As we continue to make the most of Beijing’s “best season” before the cold sets in, we find ourselves exploring one of Beijing’s more recondite ancient watchtowers.
Zuo’anmen Watchtower doesn’t have quite the same reputation as other more prominent Beijing tourist spots, but bear with us and you might just be persuaded to pay it a visit.
The Zuo'anmen Watchtower as seen from the outer side of the Hucheng River. Image via That's/Alistair Baker-Brian
The Watchtower lies on the Hucheng River at the southeast corner of Beijing’s second ring road.
The spot on the opposite side of the river to the Watchtower makes for a great photo opportunity of a historical relic which was only restored within recent years.
All throughout the year, you’ll find swimmers in the Hucheng River, just as we did during our mid-October visit.
For Beijing geography nerds, this place is a dream. At the corner of the Watchtower on either side of the river, you’ll find a triple-sided boundary marker; the spot marks the meeting point of three districts, with Chaoyang to the east, Dongcheng to the west and Fengtai to the south.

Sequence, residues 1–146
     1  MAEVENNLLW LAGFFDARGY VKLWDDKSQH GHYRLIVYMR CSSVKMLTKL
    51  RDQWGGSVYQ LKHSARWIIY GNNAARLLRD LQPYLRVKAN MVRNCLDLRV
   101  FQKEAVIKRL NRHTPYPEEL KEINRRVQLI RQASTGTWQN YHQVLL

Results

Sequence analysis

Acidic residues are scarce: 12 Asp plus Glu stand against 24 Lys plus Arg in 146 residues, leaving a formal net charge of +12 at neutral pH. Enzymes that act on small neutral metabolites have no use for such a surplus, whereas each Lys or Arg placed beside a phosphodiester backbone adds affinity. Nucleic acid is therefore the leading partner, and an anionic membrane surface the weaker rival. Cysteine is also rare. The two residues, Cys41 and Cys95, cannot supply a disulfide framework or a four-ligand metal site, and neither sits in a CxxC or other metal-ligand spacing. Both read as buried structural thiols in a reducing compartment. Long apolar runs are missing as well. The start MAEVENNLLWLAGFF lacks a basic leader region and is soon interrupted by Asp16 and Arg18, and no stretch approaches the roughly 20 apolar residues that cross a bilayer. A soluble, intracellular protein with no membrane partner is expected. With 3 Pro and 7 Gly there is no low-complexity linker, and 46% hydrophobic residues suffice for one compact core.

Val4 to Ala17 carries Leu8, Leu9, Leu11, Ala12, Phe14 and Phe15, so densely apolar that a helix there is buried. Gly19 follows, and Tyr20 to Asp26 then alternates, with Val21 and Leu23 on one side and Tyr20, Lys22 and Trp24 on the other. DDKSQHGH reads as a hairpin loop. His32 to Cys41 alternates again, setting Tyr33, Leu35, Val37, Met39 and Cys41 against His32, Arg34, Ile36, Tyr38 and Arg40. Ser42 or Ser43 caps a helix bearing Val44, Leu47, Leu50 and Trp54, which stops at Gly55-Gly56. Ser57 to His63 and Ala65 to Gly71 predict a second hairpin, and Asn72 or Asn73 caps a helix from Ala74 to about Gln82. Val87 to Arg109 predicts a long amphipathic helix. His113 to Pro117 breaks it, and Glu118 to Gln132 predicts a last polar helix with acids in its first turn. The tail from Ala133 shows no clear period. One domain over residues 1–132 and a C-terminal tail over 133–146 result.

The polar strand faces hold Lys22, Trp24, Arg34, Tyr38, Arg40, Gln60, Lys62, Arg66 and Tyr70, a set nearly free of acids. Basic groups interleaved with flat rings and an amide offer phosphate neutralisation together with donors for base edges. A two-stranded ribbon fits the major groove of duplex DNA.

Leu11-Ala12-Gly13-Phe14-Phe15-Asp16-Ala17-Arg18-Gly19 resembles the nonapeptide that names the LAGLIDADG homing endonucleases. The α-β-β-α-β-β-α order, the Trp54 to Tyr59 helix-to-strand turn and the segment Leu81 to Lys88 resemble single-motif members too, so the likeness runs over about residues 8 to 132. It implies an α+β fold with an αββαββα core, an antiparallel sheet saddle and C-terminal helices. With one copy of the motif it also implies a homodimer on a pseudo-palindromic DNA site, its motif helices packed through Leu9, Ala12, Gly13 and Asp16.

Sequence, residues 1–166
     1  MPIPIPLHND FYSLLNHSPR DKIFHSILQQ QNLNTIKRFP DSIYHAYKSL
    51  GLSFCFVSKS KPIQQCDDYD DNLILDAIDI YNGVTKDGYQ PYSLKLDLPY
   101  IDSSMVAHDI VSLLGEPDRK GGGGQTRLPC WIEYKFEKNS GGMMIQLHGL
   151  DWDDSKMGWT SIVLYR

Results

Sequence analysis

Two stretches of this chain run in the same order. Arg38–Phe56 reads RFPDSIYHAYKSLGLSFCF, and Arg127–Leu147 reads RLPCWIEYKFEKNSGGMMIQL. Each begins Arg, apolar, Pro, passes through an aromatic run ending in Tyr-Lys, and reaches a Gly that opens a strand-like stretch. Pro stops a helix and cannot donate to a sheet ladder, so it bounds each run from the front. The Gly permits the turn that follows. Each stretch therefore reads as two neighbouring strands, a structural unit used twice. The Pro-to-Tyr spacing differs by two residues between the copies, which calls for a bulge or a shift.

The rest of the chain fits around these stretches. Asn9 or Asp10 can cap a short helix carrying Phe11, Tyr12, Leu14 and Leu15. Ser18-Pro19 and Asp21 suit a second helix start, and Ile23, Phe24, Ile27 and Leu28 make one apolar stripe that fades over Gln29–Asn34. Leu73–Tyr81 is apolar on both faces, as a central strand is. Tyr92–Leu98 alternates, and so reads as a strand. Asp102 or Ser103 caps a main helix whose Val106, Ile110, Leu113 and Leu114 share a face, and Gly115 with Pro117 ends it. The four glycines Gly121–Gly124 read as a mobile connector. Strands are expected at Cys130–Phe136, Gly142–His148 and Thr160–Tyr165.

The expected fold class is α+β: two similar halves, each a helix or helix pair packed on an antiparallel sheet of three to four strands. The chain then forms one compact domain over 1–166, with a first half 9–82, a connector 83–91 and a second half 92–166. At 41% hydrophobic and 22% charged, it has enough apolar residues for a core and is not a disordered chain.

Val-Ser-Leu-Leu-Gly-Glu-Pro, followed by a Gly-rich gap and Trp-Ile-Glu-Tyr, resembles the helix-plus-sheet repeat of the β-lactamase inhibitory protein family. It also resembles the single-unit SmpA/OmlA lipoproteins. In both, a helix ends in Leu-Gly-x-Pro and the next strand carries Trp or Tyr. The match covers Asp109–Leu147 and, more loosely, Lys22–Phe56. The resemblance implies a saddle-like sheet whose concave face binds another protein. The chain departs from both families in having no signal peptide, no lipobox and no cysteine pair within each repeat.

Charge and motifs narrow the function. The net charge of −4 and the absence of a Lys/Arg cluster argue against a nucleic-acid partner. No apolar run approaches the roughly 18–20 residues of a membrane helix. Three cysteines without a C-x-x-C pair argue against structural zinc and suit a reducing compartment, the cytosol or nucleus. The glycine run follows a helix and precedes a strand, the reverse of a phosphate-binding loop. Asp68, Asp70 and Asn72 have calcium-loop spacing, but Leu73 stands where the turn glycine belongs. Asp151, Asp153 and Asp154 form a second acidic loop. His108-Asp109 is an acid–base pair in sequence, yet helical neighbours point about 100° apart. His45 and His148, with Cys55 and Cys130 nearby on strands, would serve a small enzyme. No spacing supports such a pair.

From top to bottom, the triple-sided boundary marker marking Fengtai, Dongcheng and Chaoyang districts, respectively. Image via That's/Alistair Baker-Brian
The Zuo’anmen Watchtower was a crucial gateway into Beijing during ancient times. Prior to the reign of Emperor Guangxu of the Qing Dynasty, the area was economically prosperous, benefitting from trade brought by the Beijing-Hangzhou Canal.
By 1967, the Watchtower had been all but abandoned and was torn down for safety reasons. People’s Daily asserts that compared with other more well-known historical gateways into old Beijing – including Yongdingmen, Qianmen and even Dongbianmen – Zuo’anmen was “given the cold shoulder.”
Eventually, the Watchtower was fully restored by 2015. In 2017, the Zuo’anmen Watchtower Library opened up inside the rebuilt structure.
The Zuo'anmen Watchtower Library. Image via That's/Alistair Baker-Brian
How To Get There
Nearby subway stations include:
Panjiayuan (Line 10) – take exit A, and then walk or ride a bike west along Panjiayuan Lu until you reach Hucheng River
Fangzhuang (Line 14) – take exit A, and then walk or ride a bike north along Fangzhuang Lu and Zuo’anmen Nei Dajie until you reach Hucheng River
Via ride-hailing services, input 左安门角楼 to get to the Watchtower
See the exact location on the map below:
Image via Gaode Maps with edits by That's/Alistair Baker-Brian
[Cover image via Instagram]